Photo Credit: YouTube
Rallygoers sway and sing along to the Maccabeats’s performance of Acheinu at the November 14 March for Israel, in Washington D.C.

Music has a way of creating a soundtrack of our lives. We play music to create appropriate moods for ourselves, whether for a workout, a party, quiet time, or to psych-up before a big exam or event. Tunes and songs from our past can actually stir powerful emotions and whisk us back in time.

Let us go back to 1990 when one of the most iconic Jewish songs in recent memory was created, crafted and recorded. Abie Rotenberg, a young songwriter who had already gained recognition and acclaim for his musical and lyrical contributions to Journeys, Dveykus and the Marvelous Midos Machine series, penned the song Acheinu for a project known as Lev V’Nefesh. Although most attribute the song to Dveykus, it appeared on the first of two Lev V’Nefesh albums, created together with the incomparable Jewish music producer, Sheya Mendlowitz, z”l.


Released during the height of the First Intifada, Rotenberg was in a mood, a state of mind, that led to the composition of this modern classic. Shortly after the outbreak of the Gulf War, while Scud missiles were targeting Yerushalayim, Tel Aviv and Bnei Brak, and the threat of chemical weapons from Iraq forced Israelis to obtain and wear gas masks, Acheinu took off worldwide as an anthem of courage and hope.

The original recording of the song opens with a 45-second, deeply melodic introduction, followed by the heartfelt voice of Abie Rotenberg. “Acheinu kol beis Yisroel…” Our brothers, the entire house of Israel, who are in distress and captivity…may Hashem have mercy upon them and remove them from distress to relief, from darkness to light, from oppression to redemption, now, speedily, and soon.” Rousing violins join Rotenberg and build to a soul stirring crescendo. Two additional soloists, Rivie Schwebel of Dveykus fame and Mendy Werdyger appear prominently in the song as well. Werdyger shared, “I feel very emotional to be part of this song that is so meaningful right now. It brings out peoples’ kavana to a much higher level of compassion for acheinu Bnei Yisroel.”

Shlomo Carlebach’s Am Yisrael Chai has become our upbeat anthem following the Simchat Torah War, inspiring the soldiers of the IDF, finding its way into new songs, and being sung at pro-Israel rallies. Alongside Am Yisrael Chai, and accompanying the sadder and more emotional after-moments of the October 7 massacre and the daily unfortunate news in Israel, Acheinu has been appearing prominently at funerals, Shiva houses, rallies and daily tefillot in communities around the world.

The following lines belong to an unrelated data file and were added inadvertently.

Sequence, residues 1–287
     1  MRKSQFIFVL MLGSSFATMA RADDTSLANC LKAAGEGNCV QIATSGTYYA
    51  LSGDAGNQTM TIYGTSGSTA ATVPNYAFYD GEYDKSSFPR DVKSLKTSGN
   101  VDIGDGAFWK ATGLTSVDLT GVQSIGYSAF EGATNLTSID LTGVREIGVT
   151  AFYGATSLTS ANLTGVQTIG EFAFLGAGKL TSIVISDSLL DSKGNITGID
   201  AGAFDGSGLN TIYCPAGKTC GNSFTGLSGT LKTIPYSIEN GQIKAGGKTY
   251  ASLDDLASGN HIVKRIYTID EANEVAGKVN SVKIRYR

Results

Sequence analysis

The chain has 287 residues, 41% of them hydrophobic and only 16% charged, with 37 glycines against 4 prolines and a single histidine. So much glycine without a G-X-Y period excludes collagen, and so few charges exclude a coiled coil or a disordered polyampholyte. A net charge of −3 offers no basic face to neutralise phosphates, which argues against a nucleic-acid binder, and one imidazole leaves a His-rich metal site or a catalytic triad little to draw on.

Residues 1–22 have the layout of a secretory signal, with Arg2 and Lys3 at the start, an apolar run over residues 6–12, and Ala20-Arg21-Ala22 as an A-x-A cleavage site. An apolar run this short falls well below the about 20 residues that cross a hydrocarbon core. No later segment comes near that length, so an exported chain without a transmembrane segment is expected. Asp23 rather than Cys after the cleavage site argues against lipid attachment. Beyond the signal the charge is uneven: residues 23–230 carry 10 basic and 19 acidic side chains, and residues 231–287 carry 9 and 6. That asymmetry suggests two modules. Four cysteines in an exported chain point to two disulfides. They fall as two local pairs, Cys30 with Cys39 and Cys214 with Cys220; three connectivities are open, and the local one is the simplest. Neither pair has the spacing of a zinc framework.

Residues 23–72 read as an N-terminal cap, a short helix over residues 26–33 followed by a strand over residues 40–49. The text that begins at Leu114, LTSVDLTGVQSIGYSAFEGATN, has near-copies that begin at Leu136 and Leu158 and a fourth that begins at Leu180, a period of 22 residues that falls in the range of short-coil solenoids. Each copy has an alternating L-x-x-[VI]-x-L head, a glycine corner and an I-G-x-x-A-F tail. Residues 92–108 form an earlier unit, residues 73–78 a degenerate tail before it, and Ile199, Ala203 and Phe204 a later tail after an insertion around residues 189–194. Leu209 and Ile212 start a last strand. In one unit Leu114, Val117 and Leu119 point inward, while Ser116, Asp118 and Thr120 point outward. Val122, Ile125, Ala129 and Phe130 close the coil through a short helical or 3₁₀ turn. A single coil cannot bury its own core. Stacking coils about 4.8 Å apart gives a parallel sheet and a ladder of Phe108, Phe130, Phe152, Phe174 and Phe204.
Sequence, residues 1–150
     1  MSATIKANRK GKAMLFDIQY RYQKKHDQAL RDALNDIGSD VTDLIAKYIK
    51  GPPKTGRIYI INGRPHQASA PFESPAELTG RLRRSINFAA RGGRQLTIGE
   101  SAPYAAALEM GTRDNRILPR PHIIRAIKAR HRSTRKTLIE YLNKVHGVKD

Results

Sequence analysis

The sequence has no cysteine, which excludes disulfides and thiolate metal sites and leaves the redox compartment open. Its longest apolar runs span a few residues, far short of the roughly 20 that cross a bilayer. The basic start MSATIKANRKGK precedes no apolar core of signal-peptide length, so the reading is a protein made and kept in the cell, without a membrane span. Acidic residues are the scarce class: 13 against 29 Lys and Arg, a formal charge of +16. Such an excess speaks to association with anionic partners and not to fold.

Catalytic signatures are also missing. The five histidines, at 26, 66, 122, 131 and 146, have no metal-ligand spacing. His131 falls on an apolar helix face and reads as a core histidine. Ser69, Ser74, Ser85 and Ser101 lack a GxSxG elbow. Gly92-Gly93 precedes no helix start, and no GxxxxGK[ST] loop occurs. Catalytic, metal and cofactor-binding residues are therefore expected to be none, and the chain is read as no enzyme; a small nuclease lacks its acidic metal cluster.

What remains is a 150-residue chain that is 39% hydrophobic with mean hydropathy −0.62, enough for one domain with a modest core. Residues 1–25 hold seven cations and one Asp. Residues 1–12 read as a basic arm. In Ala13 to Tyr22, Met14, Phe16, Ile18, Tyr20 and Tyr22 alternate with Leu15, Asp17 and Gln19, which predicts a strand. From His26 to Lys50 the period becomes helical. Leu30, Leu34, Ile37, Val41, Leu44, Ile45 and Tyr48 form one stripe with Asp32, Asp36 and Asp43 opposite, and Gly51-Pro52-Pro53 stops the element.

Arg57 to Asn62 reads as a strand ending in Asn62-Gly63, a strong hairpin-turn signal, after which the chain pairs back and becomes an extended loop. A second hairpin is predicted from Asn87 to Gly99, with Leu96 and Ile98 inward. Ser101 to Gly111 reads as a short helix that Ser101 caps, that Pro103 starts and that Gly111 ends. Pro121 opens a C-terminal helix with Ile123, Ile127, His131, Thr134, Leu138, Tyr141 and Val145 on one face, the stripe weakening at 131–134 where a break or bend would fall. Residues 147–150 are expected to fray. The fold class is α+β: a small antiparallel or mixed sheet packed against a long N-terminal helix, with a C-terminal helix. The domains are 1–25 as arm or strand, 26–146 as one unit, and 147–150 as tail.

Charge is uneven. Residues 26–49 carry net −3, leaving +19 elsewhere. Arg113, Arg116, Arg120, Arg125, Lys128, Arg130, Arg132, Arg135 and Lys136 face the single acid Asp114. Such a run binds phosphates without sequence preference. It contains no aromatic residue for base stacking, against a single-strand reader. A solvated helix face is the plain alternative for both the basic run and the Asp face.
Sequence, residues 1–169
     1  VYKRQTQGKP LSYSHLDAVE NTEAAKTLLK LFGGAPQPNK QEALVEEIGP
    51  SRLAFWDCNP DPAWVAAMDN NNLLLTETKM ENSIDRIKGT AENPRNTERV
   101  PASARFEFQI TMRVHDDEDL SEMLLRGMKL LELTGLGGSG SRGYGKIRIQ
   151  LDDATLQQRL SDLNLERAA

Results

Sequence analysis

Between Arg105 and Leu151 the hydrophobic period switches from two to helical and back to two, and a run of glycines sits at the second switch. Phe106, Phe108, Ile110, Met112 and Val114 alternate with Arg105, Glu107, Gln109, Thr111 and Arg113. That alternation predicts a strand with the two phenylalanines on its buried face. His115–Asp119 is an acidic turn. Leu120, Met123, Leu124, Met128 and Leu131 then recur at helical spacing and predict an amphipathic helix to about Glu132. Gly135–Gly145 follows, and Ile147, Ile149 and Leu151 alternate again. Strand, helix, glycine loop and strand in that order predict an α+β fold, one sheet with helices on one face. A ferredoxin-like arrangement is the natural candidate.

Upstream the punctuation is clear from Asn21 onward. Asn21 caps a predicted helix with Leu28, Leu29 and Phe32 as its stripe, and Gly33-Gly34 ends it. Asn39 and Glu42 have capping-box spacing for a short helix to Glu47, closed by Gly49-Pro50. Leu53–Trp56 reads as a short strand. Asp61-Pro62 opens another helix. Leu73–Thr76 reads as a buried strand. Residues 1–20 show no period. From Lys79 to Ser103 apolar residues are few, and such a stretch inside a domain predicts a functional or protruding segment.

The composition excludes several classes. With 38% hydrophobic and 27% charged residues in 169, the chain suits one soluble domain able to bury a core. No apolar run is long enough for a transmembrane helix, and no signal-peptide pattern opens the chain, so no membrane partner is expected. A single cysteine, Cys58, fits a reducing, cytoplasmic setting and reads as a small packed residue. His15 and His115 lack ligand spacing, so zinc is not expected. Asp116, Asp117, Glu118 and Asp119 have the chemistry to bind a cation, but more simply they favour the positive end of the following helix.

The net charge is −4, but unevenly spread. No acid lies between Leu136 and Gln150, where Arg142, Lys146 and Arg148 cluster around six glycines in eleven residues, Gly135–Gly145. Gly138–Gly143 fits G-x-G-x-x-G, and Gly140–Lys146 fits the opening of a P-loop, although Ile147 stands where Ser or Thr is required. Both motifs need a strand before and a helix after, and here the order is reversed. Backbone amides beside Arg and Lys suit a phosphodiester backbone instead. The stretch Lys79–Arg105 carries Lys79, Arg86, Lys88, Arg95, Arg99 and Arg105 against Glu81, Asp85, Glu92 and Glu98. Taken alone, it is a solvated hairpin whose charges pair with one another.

At the recent funeral of 21-year-old soldier Binyamin Meir Airley, z”l Hy”d, his mother Jen Averbuch Airley led the crowd in a tearful Acheinu on the way to bury her son. The crowd broke out in song, joining Binyamin on his final journey. Everyone knew the tune and the words.

The Chorev Ulpana in Yerushalayim recently gathered a thousand students and alumni to sing the Mi Sheberach for the soldiers of the IDF. Four minutes into the song a beautifully harmonized one-minute rendition of Acheinu is appropriately injected into the tefillah.

At the November 14 March for Israel, in Washington D.C., seven members of a cappella supergroup The Maccabeats harmonized Acheinu in unison with close to 300,000 participants from across the world, probably needlessly displaying the lyrics on the jumbo screen.

In his podcast immediately following the massacre, conservative political commentator and nationally syndicated radio host, Ben Shapiro, spontaneously sang an emotional solo of Acheinu for his millions of listeners.

So how does Abie Rotenberg, the composer of this now Jewish music classic, feel about what has become of his song? In a recent phone call, Rotenberg shared that in 2014, shortly after Eyal Yifrach, Gilad Shaer, and Naftali Fraenkel, Israeli students aged 16 and 19, were kidnapped, he witnessed the singing of Acheinu at the Kotel by 10,000 people. “Seeing Acheinu being sung as a tefillah, not just a song, was very moving and striking for me,” reflected Rotenberg. “It brought tears to my eyes.”

About the role the song is playing now, Rotenberg adds, “I hope and pray that soon the song will be a footnote in history. When Mashiach comes, we will be on the top of the world. In the meantime, if it gives people comfort to focus on the words, [I am pleased].” Rotenberg recently penned an almost epilogue to the song: “There once was a song called Acheinu, We’d sing it when we were in pain, Baruch Hashem for Mashiach, Now no one recalls the refrain.” What songs inspire Rotenberg during these difficult times? V’hee She’amda, Kol Ha’Olam Kulo, and Eyal Golan’s Mi She’Maamin, he said.

Like Im Ehskachech sung at weddings, Acheinu is our anthem in hard times. Whenever we need Hashem to help, it’s good to have a song such as this to turn to. We have been in pain since October 7, often there are no more tears to cry. But music can help us deal with trying times.

Jewish music singer Aryeh Kunstler noted, “Acheinu is a song for all time. A reminder that no matter who we are and from where we come, no matter how religious we are, we are together, standing together. No other song unifies us like it. “

Let us hope and pray that we remain united, because only together we will win. And let us allow Acheinu to be part of our soundtrack these days. Thank you, Abie Rotenberg, for crafting this song so we can have it when we need it.


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Roni is the longtime host of Florida’s Sunday morning Jewish music radio show, “Shalom South Florida.” He has an M.S. in Journalism and Communication and one of the largest collections of Jewish music in North America. Follow him on Twitter at @ShalomSouthFL. For more information, visit